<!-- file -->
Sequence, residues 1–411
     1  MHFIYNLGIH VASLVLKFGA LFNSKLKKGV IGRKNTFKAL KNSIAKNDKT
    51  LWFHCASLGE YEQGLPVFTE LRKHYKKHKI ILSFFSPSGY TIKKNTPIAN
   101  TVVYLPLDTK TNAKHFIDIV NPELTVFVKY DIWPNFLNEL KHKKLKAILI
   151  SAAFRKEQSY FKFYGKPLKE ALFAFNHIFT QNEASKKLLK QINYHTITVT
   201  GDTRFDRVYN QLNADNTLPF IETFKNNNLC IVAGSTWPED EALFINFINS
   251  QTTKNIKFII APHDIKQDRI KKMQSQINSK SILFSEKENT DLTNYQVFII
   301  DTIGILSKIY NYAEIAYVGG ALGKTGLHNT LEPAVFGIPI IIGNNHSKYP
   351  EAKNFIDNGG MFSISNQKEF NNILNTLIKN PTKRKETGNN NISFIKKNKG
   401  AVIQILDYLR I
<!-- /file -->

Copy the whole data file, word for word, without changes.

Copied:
Sequence, residues 1–411
     1  MHFIYNLGIH VASLVLKFGA LFNSKLKKGV IGRKNTFKAL KNSIAKNDKT
    51  LWFHCASLGE YEQGLPVFTE LRKHYKKHKI ILSFFSPSGY TIKKNTPIAN
   101  TVVYLPLDTK TNAKHFIDIV NPELTVFVKY DIWPNFLNEL KHKKLKAILI
   151  SAAFRKEQSY FKFYGKPLKE ALFAFNHIFT QNEASKKLLK QINYHTITVT
   201  GDTRFDRVYN QLNADNTLPF IETFKNNNLC IVAGSTWPED EALFINFINS
   251  QTTKNIKFII APHDIKQDRI KKMQSQINSK SILFSEKENT DLTNYQVFII
   301  DTIGILSKIY NYAEIAYVGG ALGKTGLHNT LEPAVFGIPI IIGNNHSKYP
   351  EAKNFIDNGG MFSISNQKEF NNILNTLIKN PTKRKETGNN NISFIKKNKG
   401  AVIQILDYLR I